Veterinarians are seeing a lot of hyperthyroid cats, and it is one of the most frequently diagnosed disorders in senior cats. Although only occasionally malignant at the onset, normal thyroid tissue becomes hyperplastic over time, and according to Dr. Mark Peterson, many of the patients will have progressed from hyperplasia to tumor by the time they are diagnosed.1 The thyroid disease will continue to grow and progress, so treatment is indicated.
As we navigate these waters with our clients, it is very helpful to be able to answer their questions about which treatment is associated with the longest survival time.
There are currently four treatment modalities: medical management with oral medications, dietary management with iodine restricted diet, surgical thyroidectomy and radioactive iodine treatment. Medical management using oral pharmaceuticals and dietary management are both reversible treatments that do not provide a permanent “cure” because signs will recur with discontinuation. Obviously, thyroidectomy and radioactive iodine are more permanent solutions since they involve removal/destruction of the thyroid gland(s).
Medical management with methimazole was preferred by 66% of the veterinarians, while 28% favored surgical thyroidectomy in a retrospective study in the UK.2 We have many factors that influence which of the modalities is best for each individual patient, including the ability of the owner to medicate the patient long term.
Other studies have looked at survival following radioactive iodine,3 but in clinical practice (especially those that do not have this modality readily available), it is good to know about survivability of cats treated with the most common choices; oral methimazole versus surgical treatment.
A retrospective study published in Macedonian Veterinary Review in March compared these two treatments.4 They found that treatment with methimazole and with surgery produced comparable longevity with a median survival of almost two years in cats without comorbidities. We do know that because hyperthyroidism is a disease often found in geriatric cats, there is a greater risk that other diseases will be present.
This study looked at these factors as well. Thankfully, no significant impact on survival was found in cats that have both thyroid disease and renal disease, or thyroid disease with a concurrent heart murmur. They did find that the age of the cat at the time of diagnosis decreased longevity regardless of treatment.
Because the surgical intervention and medical management were found, in this study, to have no significant differences in survival time, veterinarians can feel confident in allowing the other factors (such as owner compliance and/or budget concerns) be their guide as they select individual treatment plans. It is important to note that although the cost of surgery is more of an investment on the front end, with a median survival of 23-25 months, one must consider the monthly cost of long-term medication.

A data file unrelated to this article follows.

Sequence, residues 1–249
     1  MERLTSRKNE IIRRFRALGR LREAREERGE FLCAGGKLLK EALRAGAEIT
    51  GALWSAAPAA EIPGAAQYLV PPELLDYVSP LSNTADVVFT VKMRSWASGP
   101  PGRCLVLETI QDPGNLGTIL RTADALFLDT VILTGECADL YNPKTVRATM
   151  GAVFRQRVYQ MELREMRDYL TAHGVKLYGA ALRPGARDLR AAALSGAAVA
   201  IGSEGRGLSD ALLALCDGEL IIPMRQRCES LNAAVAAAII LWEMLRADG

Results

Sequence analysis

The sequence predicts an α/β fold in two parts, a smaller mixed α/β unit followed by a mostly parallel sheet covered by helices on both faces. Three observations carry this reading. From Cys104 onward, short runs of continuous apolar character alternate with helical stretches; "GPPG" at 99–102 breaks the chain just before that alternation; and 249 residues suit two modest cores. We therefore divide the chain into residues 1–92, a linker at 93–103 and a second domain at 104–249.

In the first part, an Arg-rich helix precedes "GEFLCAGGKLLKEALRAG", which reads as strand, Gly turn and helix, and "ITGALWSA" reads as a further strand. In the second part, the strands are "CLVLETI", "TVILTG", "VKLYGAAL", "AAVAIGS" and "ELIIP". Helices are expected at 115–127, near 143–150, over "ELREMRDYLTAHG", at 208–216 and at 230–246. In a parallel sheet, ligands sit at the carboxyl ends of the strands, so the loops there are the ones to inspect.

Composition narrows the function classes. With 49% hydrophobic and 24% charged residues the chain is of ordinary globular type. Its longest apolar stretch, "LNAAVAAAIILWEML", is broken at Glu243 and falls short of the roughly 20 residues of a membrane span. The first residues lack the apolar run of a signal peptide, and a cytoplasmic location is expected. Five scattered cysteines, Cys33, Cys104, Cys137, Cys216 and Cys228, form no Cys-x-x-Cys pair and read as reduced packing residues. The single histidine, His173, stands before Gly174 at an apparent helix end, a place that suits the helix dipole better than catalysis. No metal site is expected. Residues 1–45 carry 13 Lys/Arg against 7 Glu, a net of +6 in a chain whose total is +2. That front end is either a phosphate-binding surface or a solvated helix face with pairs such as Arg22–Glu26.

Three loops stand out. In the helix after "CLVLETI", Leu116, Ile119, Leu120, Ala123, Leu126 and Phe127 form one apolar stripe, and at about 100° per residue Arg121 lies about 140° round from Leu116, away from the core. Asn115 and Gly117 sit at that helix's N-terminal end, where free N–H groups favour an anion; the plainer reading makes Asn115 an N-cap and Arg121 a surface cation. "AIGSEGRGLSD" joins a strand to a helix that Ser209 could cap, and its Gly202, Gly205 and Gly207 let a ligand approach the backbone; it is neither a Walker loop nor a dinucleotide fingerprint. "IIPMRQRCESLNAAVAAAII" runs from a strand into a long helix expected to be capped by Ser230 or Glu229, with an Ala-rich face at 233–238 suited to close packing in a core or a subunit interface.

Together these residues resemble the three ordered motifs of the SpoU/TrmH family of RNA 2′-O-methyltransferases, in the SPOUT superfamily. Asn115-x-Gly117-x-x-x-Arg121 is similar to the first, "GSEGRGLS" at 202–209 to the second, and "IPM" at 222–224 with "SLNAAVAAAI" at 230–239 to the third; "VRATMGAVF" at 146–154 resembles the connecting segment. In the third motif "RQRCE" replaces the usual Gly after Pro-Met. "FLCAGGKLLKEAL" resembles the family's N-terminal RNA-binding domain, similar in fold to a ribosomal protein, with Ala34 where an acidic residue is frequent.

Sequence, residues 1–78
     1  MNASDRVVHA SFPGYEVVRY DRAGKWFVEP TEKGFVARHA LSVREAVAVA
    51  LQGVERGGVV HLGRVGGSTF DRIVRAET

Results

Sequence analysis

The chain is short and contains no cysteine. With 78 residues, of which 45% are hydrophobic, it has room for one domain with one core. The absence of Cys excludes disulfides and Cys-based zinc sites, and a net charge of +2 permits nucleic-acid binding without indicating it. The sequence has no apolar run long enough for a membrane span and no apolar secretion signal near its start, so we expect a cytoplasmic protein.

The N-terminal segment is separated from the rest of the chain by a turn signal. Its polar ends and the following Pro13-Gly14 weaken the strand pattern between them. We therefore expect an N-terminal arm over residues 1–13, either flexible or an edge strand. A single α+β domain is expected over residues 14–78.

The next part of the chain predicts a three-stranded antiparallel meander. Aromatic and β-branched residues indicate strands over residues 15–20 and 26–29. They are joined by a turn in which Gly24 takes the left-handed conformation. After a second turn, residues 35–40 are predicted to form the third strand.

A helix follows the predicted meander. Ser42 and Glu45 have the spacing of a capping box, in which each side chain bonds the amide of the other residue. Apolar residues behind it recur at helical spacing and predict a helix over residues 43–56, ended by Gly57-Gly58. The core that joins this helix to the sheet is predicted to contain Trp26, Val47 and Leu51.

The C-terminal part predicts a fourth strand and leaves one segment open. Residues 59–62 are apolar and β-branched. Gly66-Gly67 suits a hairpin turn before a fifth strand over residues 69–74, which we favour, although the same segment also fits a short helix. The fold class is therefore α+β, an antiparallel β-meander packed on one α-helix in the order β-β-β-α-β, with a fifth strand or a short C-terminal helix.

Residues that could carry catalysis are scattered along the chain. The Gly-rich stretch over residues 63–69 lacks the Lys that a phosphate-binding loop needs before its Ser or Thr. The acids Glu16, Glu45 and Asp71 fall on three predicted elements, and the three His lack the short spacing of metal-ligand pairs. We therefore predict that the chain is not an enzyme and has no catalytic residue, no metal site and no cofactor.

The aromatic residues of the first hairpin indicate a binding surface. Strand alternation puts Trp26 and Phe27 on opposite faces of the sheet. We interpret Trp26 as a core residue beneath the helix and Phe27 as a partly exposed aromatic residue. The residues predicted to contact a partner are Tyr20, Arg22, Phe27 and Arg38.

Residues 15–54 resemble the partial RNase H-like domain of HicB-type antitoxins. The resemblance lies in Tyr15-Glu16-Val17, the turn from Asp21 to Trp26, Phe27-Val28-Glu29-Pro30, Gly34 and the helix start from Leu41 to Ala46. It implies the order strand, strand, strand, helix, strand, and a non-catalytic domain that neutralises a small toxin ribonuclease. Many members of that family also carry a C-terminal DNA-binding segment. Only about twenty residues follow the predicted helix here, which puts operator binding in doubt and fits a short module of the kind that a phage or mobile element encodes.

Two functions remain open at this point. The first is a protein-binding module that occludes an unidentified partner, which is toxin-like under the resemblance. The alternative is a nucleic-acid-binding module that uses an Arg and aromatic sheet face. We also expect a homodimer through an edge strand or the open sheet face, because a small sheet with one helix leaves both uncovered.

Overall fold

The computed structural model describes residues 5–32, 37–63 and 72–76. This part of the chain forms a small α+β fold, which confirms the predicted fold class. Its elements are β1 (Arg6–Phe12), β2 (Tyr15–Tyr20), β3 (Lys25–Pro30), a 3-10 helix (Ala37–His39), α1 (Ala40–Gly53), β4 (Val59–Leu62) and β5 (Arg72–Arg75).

Each case is individual and the owner’s input must be sought. However, it is helpful to be able to explain that longevity may not be a factor in their choice. +
1. Peterson. M. E., (2020, September). Hyperthyroidism in Cats: Considering the Impact of Treatment Modality on Quality of Life for Cats and Their Owners. Veterinary Clinics of North America: Small Animal Practice, Volume 50, Issue 5, Pages 1065-1084 https://doi.org/10.1016/j.cvsm.2020.06.004
2. Forrester, S., Towell, T., Shenoy, K. (2012). Nutritional management of feline hyperthyroidism. Conference Proceedings of the Veterinary Medical Association, 130th Annual Meeting, Iowa: p.87-91. https://www.avmi.net/information/hyperthyroid-hints/nutritional-management-of-feline-hyperthyroidism/
3. Slater, M., Geller, S., Rogers, K. (2008, June 28). Long-term health and predictors of survival for hyperthyroid cats treated with iodine 131. J Vet Intern Med. 15(1): 47-51. https://onlinelibrary.wiley.com/doi/10.1111/j.1939-1676.2001.tb02298.x
4. Mata, F. and Bhuller, R. (2022, March 28). Hyperthyroidism in the Domestic Cat (Felis Catus): Informed Treatment Choice Based on Survival Analysis. Macedonian Veterinary Review, vol.45, no.1, pp.71-78. https://doi.org/10.2478/macvetrev-2022-0015